David M. Langenau

David M. Langenau

Associate Professor of Pathology
David M. Langenau
The Langenau laboratory research focus is to uncover relapse mechanisms that enhance growth and tumor propagating cell frequency in pediatric cancer. Utilizing zebrafish models of T-cell acute lymphoblastic leukemia (T-ALL) and embryonal rhabdomysoarcoma (ERMS), we have undertaken chemical and genetic approaches to identify novel modulators of growth and relapse. I. Uncovering relapse-associated driver mutations in T-cell acute lymphoblastic leukemiaT-ALL is an aggressive malignancy of thymocytes that affects thousands of children and adults in the United States each year. Recent advancements in conventional chemotherapies have improved the five-year survival rate of patients with T-ALL. However, patients with relapse disease are largely unresponsive to additional therapy and have a very poor prognosis. Ultimately, 70% of children and 92% of adults will die of relapse T-ALL, underscoring the clinical imperative for identifying the molecular mechanisms that cause leukemia cells to re-emerge at relapse. Our hypothesis is that relapse clones harbor novel genomic changes that enhance survival, regrowth, and therapy resistance with clonally heterogeneity ultimately driving relapse. Identifying novel relapse-driving oncogenic pathways will likely identify new drug targets for the development of small molecule inhibitors as therapeutics for this disease. Utilizing a novel zebrafish model of relapse T-ALL and unbiased bioinformatic approaches, we have recently uncovered new oncogenic drivers associated with aggression, growth and increased propensity for relapse. A subset of these genes is being assessed for a role in regulating T-ALL proliferation, apoptosis and response to therapy in human disease. II. Visualizing and killing cancer stem cells in embryonal rhabdomyosarcomaERMS is a common soft-tissue sarcoma of childhood and phenotypically recapitulates fetal muscle development arrested at early stages of differentiation. Microarray and cross-species comparisons of zebrafish, mouse and human ERMS uncovered the finding that the RAS pathway is activated in a majority of ERMS. Building on this finding, our laboratory has developed a transgenic zebrafish model of kRASG12D-induced ERMS that mimics the molecular underpinnings of human ERMS. Using fluorescent transgenic zebrafish that label ERMS cell subpopulations based on myogenic factor expression, we have identified functionally distinct classes of tumor cells contained within the ERMS mass. Specifically, the myf5-GFP+ self-renewing cancer stem cell drives continued tumor growth and is molecularly similar to a non-transformed, activated muscle satellite cell. Paradoxically, it is the differentiated, non-proliferative myogenin+ ERMS cells that are highly migratory and the first cells to colonize newly formed tumors rather than the myf5+ ERMS-propagating cells. Our data suggest that non-tumor-propagating cells likely have important supportive roles in cancer progression and facilitate metastasis. Building on the dynamic live cell imaging approaches available in the zebrafish ERMS model, our laboratory has undertaken chemical genetic approaches to identify drugs that kill relapse-associated, self-renewing myf5-GFP+ ERMS cells. A subset of drugs is currently being assessed for regulating growth of human ERMS cells.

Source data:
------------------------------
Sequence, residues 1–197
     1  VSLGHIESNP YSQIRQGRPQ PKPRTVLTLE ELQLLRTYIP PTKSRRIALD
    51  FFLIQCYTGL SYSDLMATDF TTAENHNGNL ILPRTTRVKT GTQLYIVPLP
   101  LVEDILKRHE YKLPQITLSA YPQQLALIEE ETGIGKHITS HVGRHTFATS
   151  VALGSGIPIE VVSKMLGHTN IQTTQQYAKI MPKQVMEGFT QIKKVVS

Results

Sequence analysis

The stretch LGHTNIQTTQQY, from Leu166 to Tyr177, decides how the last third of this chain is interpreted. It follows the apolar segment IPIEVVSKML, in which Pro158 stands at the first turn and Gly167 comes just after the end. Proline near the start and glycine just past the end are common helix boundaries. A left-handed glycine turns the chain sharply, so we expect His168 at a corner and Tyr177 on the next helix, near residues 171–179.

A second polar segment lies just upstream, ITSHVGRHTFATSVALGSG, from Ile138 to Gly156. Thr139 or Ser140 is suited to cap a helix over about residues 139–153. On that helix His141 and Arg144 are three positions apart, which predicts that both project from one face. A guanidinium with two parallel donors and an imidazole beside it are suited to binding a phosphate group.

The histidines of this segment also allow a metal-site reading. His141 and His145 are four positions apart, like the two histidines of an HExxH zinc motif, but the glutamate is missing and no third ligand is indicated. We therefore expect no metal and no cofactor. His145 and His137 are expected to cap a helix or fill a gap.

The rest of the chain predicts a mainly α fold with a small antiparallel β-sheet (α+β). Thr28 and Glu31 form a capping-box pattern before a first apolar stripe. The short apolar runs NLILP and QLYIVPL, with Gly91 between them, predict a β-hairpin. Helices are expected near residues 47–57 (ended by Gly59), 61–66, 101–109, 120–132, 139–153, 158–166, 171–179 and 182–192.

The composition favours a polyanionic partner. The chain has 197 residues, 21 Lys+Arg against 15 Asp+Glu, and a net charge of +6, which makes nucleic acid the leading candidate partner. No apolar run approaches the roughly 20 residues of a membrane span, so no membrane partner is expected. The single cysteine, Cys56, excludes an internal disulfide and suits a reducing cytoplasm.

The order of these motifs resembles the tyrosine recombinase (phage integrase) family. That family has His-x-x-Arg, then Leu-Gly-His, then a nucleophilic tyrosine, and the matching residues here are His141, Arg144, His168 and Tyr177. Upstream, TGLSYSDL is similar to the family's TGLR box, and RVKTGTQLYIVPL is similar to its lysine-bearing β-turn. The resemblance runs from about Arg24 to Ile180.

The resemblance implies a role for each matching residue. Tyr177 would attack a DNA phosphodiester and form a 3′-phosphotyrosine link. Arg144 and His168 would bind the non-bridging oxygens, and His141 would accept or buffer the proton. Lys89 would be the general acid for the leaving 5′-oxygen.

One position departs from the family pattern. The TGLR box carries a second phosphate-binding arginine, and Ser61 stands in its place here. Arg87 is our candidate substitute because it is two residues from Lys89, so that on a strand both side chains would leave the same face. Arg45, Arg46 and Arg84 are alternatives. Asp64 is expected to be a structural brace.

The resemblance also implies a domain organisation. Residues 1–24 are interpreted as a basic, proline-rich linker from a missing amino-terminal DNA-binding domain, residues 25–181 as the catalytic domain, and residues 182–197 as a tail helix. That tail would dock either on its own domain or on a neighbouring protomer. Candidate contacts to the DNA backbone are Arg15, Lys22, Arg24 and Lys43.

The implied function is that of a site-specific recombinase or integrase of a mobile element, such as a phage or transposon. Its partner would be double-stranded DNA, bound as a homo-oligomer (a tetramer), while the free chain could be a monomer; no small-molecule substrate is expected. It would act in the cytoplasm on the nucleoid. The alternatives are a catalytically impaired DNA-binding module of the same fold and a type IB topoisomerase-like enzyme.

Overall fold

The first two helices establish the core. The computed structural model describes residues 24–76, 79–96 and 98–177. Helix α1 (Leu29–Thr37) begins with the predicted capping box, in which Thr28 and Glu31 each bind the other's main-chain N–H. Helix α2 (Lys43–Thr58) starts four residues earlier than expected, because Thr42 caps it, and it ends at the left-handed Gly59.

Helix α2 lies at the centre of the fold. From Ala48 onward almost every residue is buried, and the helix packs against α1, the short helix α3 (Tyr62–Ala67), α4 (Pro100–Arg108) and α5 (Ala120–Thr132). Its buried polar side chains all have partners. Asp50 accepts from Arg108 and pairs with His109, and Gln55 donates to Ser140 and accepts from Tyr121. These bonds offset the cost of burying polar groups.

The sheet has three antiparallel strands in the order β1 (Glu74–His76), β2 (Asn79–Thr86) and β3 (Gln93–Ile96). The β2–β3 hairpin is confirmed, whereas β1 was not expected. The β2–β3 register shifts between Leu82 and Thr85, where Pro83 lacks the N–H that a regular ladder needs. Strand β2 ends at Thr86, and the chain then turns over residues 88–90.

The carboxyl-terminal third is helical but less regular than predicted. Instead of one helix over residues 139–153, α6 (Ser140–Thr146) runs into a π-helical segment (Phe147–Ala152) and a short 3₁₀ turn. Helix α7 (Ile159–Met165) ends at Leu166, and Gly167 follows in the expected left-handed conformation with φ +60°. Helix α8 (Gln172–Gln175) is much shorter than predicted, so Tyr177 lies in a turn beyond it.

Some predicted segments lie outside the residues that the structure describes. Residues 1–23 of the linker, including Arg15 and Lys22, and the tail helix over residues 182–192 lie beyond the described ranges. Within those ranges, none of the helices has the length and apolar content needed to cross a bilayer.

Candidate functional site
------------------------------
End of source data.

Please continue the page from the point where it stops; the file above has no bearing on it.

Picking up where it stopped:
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Massachusetts General Hospital
149 13th Street, 6th Floor, Room 6012
Charlestown MA 02129
p: 617-643-6508

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